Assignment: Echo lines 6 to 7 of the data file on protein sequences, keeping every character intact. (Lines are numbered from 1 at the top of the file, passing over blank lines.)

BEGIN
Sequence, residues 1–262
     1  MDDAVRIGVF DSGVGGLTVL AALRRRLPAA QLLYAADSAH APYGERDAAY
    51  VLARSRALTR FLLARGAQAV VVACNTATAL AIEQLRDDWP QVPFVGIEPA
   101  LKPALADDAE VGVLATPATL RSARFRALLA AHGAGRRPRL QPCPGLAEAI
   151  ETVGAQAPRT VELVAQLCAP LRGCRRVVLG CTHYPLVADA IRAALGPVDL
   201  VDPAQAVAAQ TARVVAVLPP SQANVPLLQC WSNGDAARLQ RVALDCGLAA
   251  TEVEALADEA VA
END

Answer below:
   201  VDPAQAVAAQ TARVVAVLPP SQANVPLLQC WSNGDAARLQ RVALDCGLAA
   251  TEVEALADEA VA